The reduction will happen selectively based on your risk profile
In a bid to boost consumption demand hit by the NBFC crisis, the RBI reduced risk-weights for consumer loans, in its monetary policy on Wednesday. Consumer loans include consumer durable loans, auto loans, credit card and personal loans. From 125 per cent, the RBI has brought down the risk weight to 100 per cent for consumer loans (excluding credit cards).
While this could nudge banks to offer cheaper consumer loans, it may only happen selectively depending on the risk profile of the borrower. So don’t rush to take on additional loans, and remember not to fall prey to alluring deals.
RBI regulations require that the amount of capital a bank holds is pegged to the profile of its borrowers; riskier the borrowers, higher the capital needed. The central bank assigns different ‘risk weights’ to different types of loans based on the possible defaults for each category. Reducing the risk weight from 125 per cent to 100 per cent will essentially free up capital, nudging banks to push consumer loans in the coming months.
But given that banks have been chasing risky unsecured retail loans including personal loans, over the past three years, RBI’s latest measure needs a watch.
What banks offer
Interest rates on personal loans and vehicle loans are fixed in nature and banks charge rates based on the risk profile of the borrower. For instance, banks charge anywhere between 13-22 per cent on personal loans, and 9-13 per cent for a new car loan.
While the RBI’s move may give some leeway to banks to lower rates on these loans, the reduction will happen selectively based on your risk profile. Banks are likely to charge higher interest rate for borrowers with a poor credit score and large existing loans. Hence don’t rush to take on additional loans and keep your credit within manageable limits.
In any case, banks have been aggressively pushing such products over the past three years. Increasing stress and defaults can lead them to price such loans higher, for certain borrowers. So be sure to read the fine print before taking on an additional personal loan. Also remember that the RBI’s easier norms do not cover credit cards—so the steep interest rate on your credit card may be here to stay.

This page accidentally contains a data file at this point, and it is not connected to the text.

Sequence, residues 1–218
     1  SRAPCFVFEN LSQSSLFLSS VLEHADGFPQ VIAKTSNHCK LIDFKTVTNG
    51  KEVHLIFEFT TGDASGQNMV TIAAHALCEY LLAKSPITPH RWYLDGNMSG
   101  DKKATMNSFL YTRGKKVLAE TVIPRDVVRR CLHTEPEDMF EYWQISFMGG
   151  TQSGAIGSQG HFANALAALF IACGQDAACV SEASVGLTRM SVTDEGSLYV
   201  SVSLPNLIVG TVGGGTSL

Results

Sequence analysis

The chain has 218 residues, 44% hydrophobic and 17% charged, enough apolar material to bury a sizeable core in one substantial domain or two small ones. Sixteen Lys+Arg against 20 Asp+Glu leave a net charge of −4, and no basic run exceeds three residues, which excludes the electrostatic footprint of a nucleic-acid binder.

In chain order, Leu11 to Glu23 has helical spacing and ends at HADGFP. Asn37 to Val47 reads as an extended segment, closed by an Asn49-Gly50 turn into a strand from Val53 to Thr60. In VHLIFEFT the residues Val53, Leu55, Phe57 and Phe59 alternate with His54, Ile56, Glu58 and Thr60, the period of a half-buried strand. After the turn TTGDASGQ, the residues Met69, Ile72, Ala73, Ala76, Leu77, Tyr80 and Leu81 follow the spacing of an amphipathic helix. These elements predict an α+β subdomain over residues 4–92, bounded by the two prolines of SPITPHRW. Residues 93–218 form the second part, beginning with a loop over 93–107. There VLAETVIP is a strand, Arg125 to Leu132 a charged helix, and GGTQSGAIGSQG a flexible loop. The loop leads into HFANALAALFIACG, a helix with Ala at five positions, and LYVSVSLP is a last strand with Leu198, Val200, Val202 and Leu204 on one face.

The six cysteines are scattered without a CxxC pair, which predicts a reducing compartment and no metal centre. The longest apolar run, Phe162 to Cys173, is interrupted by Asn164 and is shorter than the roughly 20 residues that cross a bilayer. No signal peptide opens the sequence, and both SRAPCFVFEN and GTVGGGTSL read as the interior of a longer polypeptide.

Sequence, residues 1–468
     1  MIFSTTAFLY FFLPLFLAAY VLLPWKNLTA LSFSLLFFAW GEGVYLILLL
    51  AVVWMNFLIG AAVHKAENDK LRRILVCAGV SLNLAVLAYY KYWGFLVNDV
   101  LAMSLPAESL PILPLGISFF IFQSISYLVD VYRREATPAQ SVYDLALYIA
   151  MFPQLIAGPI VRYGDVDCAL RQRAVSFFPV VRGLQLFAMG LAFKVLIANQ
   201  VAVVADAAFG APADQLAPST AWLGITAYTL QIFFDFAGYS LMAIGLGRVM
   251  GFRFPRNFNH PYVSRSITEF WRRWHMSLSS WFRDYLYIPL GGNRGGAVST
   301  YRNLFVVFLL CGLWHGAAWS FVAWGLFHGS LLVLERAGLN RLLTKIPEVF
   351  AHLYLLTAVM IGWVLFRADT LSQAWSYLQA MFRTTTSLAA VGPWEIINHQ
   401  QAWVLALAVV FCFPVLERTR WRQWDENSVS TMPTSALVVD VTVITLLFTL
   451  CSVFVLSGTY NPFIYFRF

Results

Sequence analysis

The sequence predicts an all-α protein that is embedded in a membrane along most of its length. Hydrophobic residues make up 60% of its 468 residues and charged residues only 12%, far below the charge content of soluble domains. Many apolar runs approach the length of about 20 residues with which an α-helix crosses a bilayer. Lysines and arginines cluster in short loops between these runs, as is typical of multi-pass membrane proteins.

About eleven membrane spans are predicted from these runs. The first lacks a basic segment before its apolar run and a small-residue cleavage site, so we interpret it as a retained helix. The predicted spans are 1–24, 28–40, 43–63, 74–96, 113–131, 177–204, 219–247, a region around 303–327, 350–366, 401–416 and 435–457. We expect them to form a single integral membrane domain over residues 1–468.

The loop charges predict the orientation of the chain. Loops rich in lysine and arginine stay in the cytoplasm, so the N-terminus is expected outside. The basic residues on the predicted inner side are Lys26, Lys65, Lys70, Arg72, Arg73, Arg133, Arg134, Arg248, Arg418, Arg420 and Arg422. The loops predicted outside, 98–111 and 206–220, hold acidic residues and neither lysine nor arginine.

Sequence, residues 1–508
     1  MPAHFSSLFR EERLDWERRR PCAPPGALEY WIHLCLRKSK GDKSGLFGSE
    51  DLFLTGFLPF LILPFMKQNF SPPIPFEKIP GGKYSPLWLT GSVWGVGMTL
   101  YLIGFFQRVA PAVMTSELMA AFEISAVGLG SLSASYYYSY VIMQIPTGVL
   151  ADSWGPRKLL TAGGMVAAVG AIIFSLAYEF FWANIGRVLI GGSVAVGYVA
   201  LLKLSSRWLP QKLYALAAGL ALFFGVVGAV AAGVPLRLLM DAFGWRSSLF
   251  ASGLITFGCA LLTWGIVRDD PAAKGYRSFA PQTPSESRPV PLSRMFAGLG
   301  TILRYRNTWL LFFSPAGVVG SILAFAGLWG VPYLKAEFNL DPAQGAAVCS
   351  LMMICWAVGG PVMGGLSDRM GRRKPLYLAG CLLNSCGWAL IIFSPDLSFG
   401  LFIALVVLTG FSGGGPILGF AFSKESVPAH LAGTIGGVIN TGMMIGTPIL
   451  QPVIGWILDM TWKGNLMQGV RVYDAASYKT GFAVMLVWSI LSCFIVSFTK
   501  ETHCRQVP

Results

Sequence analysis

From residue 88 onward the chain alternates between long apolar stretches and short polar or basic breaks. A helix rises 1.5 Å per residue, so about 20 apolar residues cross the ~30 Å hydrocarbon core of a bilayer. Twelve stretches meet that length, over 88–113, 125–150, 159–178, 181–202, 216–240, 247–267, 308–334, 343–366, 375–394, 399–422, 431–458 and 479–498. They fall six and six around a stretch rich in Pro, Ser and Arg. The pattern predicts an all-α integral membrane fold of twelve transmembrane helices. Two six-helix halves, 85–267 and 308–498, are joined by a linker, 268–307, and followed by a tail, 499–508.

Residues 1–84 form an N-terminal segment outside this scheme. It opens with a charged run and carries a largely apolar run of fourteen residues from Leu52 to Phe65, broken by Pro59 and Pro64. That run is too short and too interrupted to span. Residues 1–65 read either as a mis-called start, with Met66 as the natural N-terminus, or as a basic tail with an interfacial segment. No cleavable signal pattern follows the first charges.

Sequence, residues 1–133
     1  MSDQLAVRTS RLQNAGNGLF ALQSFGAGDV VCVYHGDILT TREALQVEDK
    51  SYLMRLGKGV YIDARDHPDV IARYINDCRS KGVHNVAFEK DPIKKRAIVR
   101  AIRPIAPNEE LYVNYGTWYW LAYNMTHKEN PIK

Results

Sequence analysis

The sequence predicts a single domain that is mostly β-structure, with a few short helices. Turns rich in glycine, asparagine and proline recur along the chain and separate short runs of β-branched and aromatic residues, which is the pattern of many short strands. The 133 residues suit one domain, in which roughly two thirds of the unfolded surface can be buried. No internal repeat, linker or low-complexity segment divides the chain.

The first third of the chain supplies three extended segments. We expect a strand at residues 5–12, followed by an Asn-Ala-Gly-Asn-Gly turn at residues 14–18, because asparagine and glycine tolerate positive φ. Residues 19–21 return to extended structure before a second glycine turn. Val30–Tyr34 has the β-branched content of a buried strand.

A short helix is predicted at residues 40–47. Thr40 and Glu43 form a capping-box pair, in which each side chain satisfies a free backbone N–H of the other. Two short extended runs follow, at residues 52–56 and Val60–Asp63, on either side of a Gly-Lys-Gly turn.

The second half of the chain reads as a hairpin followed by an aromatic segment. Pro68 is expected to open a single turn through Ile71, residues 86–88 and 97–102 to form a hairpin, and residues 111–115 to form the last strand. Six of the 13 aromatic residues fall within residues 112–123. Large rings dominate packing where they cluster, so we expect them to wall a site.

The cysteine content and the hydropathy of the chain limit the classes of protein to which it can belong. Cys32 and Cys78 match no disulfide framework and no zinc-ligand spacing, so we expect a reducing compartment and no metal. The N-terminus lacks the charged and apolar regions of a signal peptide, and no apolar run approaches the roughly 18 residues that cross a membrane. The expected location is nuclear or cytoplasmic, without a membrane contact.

Between FY15 and FY19, even as credit growth to industry fell to single-digit (slipping into negative in FY17), retail loans have sported double-digit growth of 16-19 per cent. Share of retail loans in overall bank credit (non-food credit), has gone up from 19 per cent in FY15 to 25.7 per cent in FY19 and inched up further to 26.6 per cent as of June 2019. The growth in retail has mainly been led by risky unsecured segments such as credit cards and personal loans, which have grown by about 30 per cent CAGR (compounded annual growth) over the last three years. As of June, credit card and personal loans grew by 27 per cent and 23 per cent respectively.
Within retail, home loans continue to constitute about half the portfolio. However share of credit cards and other personal loans has gone up significantly due to the steep growth over the past three years. Credit cards and other personal loans that were less than a fourth of the retail loan portfolio until FY15, now constitute about 32 per cent (as of June 2019).
Given that unsecured retail loans enjoy higher yields, banks have been chasing these loans to improve margins.
Rise in NPAs
But unsecured loans such as personal loans are risky by design and hence need a watch. While at the system level, bad loan ratio in retail loans has remained within 1.8-2 per cent according to RBIs financial stability report, at the individual bank level some stress has been visible in recent times.
For instance, for ICICI Bank’s gross retail NPAs stood at ₹3667 crore as of March 2017 or 1.5 per cent of retail loans. Retail NPAs have inched up to ₹6973 crore in the latest June quarter, forming 1.9 per cent of the bank’s retail loans. Not an alarming trend yet, but the stress in the book appears to have gone up.
For IndusInd Bank, NPAs in credit cards that stood at 1.3 per cent in March 2017 has inched up to 2.2 per cent as of June 2019 quarter.
Recently Moody’s had cautioned that economic growth in India over the next 12-18 months would remain weaker than the previous years, which, in turn could lead to the creation of new non-performing loans in the retail and small- and medium-enterprise segment. This could, in turn, lead to banks charging higher interest rate on such loans, for certain category of riskier borrowers.